We already have plenty of good reasons to exercise. Regular movement has been shown to help create a stronger body, a healthier heart, and a calmer mind. But recent research has revealed yet another reason to get off that couch and get moving: a bigger, healthier brain.
The new study, published in the journal Neurology, found that people who were sedentary during midlife had smaller brains later in life compared to their fitter peers. Although the amount of brain shrinkage was small, it was substantial enough to increase the less fit participants’ risk of dementia and memory loss.
The study used data compiled by the Framingham Heart Study, which has collected data from thousands of people over a nearly 70-year time span. Researchers examined data from over 1,500 participants who took a treadmill test and got an MRI scan when they were about 40 years old. Twenty years later, the same participants did a similar treadmill test and got another MRI scan.
The treadmill test measured the amount of time participants could run on the treadmill before their heart rate reached 85 percent of their estimated maximum heart rate. This time was used to estimate the participants’ peak VO2. This is the maximum amount of oxygen one’s body can use in one minute. The study showed that the less efficiently a participant could use oxygen, the more age-related brain shrinkage they showed two decades later. The study further demonstrated that participants with a greater increase in heart rate and higher blood pressure during the treadmill test were also more likely to have smaller brain volumes later in life.
Lead researcher Nicole Spartano, a postdoctoral fellow at the Boston University School of Medicine, summarized the results in a press release: “We found a direct correlation in our study between poor fitness and brain volume decades later, which indicates accelerated brain aging.” However, she also noted that the study does not prove that poor physical fitness causes a loss of brain volume; instead, it shows an association between the two.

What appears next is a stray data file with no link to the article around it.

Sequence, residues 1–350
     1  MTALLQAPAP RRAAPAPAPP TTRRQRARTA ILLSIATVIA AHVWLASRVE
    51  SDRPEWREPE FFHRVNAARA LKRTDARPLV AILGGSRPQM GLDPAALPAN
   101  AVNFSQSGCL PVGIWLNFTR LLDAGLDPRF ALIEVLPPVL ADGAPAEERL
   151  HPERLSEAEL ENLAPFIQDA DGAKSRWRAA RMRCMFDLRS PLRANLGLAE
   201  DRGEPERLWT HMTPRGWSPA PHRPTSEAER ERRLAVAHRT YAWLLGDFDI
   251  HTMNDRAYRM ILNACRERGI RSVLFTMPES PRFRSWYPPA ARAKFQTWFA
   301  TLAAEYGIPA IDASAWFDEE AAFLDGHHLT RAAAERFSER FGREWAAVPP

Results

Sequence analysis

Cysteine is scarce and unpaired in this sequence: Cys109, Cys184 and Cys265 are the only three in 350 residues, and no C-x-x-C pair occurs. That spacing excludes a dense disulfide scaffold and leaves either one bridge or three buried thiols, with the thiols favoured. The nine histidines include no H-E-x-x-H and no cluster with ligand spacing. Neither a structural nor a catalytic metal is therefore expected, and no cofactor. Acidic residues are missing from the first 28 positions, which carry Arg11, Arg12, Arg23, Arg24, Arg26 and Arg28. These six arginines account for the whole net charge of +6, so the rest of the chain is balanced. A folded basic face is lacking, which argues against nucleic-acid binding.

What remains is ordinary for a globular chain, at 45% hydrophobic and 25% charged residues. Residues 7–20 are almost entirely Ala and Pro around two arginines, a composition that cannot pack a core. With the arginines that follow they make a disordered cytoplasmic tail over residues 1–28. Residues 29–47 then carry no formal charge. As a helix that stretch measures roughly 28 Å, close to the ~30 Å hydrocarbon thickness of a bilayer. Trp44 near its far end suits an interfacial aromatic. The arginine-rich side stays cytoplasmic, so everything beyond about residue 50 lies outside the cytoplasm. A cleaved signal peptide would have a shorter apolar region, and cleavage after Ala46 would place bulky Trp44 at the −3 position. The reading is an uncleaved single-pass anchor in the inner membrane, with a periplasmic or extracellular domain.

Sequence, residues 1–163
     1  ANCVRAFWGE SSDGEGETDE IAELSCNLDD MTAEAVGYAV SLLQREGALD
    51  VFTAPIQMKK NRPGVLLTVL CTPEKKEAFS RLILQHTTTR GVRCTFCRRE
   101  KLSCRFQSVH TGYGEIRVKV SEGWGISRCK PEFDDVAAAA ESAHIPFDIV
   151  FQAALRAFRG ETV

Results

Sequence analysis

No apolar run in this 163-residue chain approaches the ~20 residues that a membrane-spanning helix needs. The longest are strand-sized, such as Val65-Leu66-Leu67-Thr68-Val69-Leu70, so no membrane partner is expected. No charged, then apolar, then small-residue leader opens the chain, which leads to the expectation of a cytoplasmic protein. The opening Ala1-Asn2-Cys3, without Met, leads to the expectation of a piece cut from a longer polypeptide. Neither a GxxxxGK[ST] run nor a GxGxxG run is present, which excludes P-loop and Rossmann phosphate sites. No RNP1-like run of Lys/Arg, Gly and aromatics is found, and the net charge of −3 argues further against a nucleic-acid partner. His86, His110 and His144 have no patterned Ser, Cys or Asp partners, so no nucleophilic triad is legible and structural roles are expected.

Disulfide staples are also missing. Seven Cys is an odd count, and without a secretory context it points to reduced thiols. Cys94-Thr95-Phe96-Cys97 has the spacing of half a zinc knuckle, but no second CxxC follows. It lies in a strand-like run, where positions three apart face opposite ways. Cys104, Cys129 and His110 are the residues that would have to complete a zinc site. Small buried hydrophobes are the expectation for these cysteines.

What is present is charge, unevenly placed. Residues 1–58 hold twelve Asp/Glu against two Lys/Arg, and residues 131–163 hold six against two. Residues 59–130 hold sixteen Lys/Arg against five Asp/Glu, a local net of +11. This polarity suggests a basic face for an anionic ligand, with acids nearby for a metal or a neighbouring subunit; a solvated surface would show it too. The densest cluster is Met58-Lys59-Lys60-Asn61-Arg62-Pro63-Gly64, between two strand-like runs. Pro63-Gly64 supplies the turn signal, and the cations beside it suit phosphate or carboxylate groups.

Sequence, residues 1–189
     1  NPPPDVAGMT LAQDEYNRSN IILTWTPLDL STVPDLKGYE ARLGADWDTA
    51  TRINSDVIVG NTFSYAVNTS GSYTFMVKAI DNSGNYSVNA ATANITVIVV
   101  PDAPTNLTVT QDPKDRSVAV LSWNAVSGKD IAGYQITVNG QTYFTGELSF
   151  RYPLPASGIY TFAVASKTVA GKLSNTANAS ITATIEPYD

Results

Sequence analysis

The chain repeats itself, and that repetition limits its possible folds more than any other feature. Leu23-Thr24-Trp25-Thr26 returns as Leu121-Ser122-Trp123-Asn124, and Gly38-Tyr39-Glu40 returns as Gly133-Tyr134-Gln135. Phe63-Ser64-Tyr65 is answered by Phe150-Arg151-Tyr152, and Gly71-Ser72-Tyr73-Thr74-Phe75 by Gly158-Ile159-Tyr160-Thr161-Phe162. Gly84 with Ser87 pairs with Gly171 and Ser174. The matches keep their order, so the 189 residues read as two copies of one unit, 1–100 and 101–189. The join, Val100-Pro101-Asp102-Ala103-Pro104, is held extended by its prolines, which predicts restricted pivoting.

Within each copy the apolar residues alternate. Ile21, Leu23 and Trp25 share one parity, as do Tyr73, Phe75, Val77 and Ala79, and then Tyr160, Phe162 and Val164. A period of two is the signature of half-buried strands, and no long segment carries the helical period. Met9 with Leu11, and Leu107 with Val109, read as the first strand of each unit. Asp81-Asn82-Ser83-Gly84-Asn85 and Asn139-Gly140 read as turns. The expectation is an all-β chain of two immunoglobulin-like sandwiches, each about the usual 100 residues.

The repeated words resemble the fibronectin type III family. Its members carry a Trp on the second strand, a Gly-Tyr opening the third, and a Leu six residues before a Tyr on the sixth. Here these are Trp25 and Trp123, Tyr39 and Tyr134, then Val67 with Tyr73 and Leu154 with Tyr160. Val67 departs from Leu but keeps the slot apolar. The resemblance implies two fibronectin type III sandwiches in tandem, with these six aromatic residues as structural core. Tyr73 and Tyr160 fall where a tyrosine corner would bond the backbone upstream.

Exercise and your brain
Although research has yet to prove causation, a growing body of evidence suggests a strong connection between exercise and brain health. We recently reported on a study that suggests women with stronger legs may also have a healthier brain. A 2014 study demonstrated that seniors who exercised three times per week for 12 weeks showed greater memory skills as well as increased blood flow in the brain. And a 2010 study, also of seniors, found that walking around a track three days per week for a year appeared to increase the size of the hippocampus in participants.
This research indicates that the brain continues to be malleable even later in life. So even if you’ve never exercised before, these studies suggest that older age does not mean it’s too late to reap the benefits of more movement.
Starting to exercise
If you are completely new to exercise, or returning after a long hiatus, here are three important tips to keep in mind:
Start with low-impact exercises
Low-impact exercises, for example, using an elliptical machine, going for a swim, and going for short walks, put minimal stress on your joints. Practicing mind/body exercises such as yoga and tai chi are also gentle, calming, and low-impact ways to start incorporating more movement in your life. Once your limbs and joints have gotten used to the new pressures you’re putting on them, you can try transitioning to higher impact exercises such as jogging.
Jumping in too fast can result in pain and injury, which can lead to becoming unmotivated. Try to take it slow; don’t put too much pressure on yourself at the beginning. You don’t even need to exercise every day. Remember, the participants in one of the above-mentioned studies saw healthier brains after exercising only three days per week.
Make a schedule and stick to it
Your primary goal when you begin exercising should simply be to do it. The easiest way to meet this goal is to set a schedule and stick to it. You don’t skip your work or family obligations that are on your calendar, so consider your exercise obligations to be just as important!
What do you do to keep your brain healthy?